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November 28, 2010

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Racing thrills and chills

SOME of the world's top drivers will be in Shanghai today for the final race of the DTM (German Touring Car Masters) schedule this year.

The main race will be held in Shanghai's Pudong New Area at 3pm on a street circuit around Century Park.

Cheng Congfu (Frankie) will get home crowd support as the race marks the first time the Beijing native will compete in the DTM series in China. He is also the only Chinese player in the race.

Cheng, who drives a Mercedes, has so far had a forgettable debut season - failing to make it in the top 15 in the standings.

The 26-year-old says DTM is a lot different from formula car races. "It's hard, but it's cool, because it's challenging," Cheng says.

Cheng started his driving career at the age of 10, when he started racing go-karts with the full support of his family. He went to England to study in 2003 while seeking opportunities in European-based races. He drove for A1 Grand Prix Team China and moved on to Germany in 2008, where he became the first Chinese to finish the 24-hour Le Mans race.

As the 2010 DTM season comes to a close, Cheng says he wants to enjoy the Shanghai race.

"I'm a very luck guy to be racing in a top championship, for a top team, and to be the first Chinese driver in it," he says.

"At the beginning of the season, I was doing quite well as a rookie. Then my expectations got higher and I stopped making improvements, which made me go backwards and I completely lost myself. So the best thing is not to think too much but just drive."

DTM has a mixture of young and experienced drivers, including two women, whom Chen described as "hard ladies." It also features former F1 driver like Ralf Schumacher.

"It's a melting pot, a professional series with a good standard and a good name," he says.

Living in Stuttgart, Cheng spends only one month a year in China, however, he does have friends everywhere. To maintain form for today's race, Cheng trained with Alexandre Imperatori, a 23-year-old Swiss driver on the F3 circuit. Imperatori lives in Shanghai with his Chinese fiancee.

The indoor exercise program includes cycling and rowing, followed by a tennis-soccer match - a match played on a tennis court using a small soccer ball and feet instead of a tennis ball and racket.

"We met each other a few times when we were teenagers, and it was in 2008 when we were both racing in A1 GP that we became friends. Oh, those good old times," says Imperatori, who now races on the Japan F3 circuit. The two share a personal trainer, Helmut Fink, who was introduced to Cheng by Imperatori.

However, they have specialized training programs since they are driving different cars, which places different demands on the body.

"My car has a roof while his doesn't," says Cheng, laughing after being asked how his car is different from Imperatori's. A DTM car race lasts longer and it's hotter inside the car as it's closed, while a F3 car has an open cockpit and is faster in corners. Therefore Cheng has to learn how to deal with the heat and improve his endurance while Imperatori needs a strong body, especially neck muscles, to handle the G-force.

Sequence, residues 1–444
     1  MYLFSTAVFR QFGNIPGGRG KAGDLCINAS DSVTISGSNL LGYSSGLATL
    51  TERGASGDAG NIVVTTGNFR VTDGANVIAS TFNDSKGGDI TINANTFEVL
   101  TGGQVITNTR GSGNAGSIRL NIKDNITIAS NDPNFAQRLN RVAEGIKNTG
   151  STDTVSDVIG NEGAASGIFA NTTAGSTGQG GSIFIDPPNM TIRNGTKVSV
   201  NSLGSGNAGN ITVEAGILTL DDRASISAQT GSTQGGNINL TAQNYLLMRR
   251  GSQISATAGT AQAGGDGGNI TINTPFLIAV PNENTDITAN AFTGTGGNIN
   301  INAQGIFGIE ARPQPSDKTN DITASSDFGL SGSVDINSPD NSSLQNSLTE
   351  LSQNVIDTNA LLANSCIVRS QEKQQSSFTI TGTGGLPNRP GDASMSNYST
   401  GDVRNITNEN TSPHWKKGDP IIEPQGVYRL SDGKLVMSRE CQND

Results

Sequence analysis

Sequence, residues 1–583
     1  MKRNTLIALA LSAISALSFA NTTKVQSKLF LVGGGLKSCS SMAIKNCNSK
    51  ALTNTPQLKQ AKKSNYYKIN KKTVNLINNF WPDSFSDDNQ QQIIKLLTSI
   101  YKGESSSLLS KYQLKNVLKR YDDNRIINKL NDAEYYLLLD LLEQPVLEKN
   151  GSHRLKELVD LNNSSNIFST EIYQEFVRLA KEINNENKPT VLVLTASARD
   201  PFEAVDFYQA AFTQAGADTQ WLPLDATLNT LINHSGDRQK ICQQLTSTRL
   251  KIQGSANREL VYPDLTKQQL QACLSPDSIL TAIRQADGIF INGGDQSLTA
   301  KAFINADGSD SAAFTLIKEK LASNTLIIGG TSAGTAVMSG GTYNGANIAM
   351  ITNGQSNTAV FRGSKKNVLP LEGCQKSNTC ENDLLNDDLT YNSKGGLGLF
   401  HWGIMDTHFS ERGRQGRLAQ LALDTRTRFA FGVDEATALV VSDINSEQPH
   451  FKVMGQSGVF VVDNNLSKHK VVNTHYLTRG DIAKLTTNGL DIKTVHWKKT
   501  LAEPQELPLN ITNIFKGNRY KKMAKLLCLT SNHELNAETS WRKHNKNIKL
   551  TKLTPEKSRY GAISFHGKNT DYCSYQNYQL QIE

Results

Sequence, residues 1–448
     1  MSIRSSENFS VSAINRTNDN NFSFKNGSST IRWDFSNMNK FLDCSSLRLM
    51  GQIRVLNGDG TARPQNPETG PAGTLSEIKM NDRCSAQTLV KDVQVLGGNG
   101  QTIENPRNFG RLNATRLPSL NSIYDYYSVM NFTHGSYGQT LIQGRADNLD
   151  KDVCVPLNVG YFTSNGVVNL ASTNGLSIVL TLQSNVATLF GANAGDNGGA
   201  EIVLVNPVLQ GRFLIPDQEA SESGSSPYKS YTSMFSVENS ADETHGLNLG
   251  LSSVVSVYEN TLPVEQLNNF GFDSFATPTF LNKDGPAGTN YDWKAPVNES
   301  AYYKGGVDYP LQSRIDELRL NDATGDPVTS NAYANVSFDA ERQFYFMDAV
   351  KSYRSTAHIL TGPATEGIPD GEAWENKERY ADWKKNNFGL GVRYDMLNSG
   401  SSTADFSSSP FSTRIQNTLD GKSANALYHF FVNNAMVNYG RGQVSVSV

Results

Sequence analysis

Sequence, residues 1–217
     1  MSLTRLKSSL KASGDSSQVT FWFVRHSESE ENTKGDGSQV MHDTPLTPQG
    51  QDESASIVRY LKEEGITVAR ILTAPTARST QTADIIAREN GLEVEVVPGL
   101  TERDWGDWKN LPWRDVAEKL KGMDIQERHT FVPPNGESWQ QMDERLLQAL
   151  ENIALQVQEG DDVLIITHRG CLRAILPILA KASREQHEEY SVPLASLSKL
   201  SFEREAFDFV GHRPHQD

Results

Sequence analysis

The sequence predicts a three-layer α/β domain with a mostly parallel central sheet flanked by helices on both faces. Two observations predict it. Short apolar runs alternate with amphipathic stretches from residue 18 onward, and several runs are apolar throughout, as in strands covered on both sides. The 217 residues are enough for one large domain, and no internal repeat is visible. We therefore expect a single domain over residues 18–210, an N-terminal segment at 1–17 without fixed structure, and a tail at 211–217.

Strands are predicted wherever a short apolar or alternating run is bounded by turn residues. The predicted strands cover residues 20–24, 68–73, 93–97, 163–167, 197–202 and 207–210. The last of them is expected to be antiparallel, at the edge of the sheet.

Meanwhile, they also have a different focus in mental training, as it's important for Cheng not to get bothered by things easily while Imperatori tries to remain relaxed during race weekends and not get stressed out.

Cheng says he will surely come back to China some day in the future, however, there's no doubt Europe provides more opportunities for his racing career. He was lucky to go out at a young age and develop himself in the European arena and reach a certain racing level. It's only after reaching that level that a young driver is noticed and has a chance to progress to top level races.

Getting started in racing is not easy because of the enormous costs involved. Plus in China, with the one-child policy, parents are not willing to spend millions for a future that is anything but guaranteed.

"When people talk about racing, they always have an image of a kid from a rich family driving a Ferrari or Lamborghini around for leisure and for fun, which is not really accurate," Cheng says.

Imperatori says: "It's a real thing, that's why we need to train so hard.

"It's a daily job and you have to be fully committed to it. It takes time for people to know what racing is about. But I think when there's a Chinese driver involved at the top level, like F1 races, people will get more involved," the Swiss adds.

Asked if he has any advice for young Chinese kids who want to become racers, Cheng says without a second thought, "Have a good attitude and work hard!"

How To Get There:

Transportation: Gate 1, 2, 7 of Century Park, Century Park Station, Metro Line 2; you can also take the shuttle bus from Yuanshen Sports Center Stadium which has eight stops for entrances into Gate A-H.

Time: Today, 3:23pm

Venue: Street circuit around Century Park


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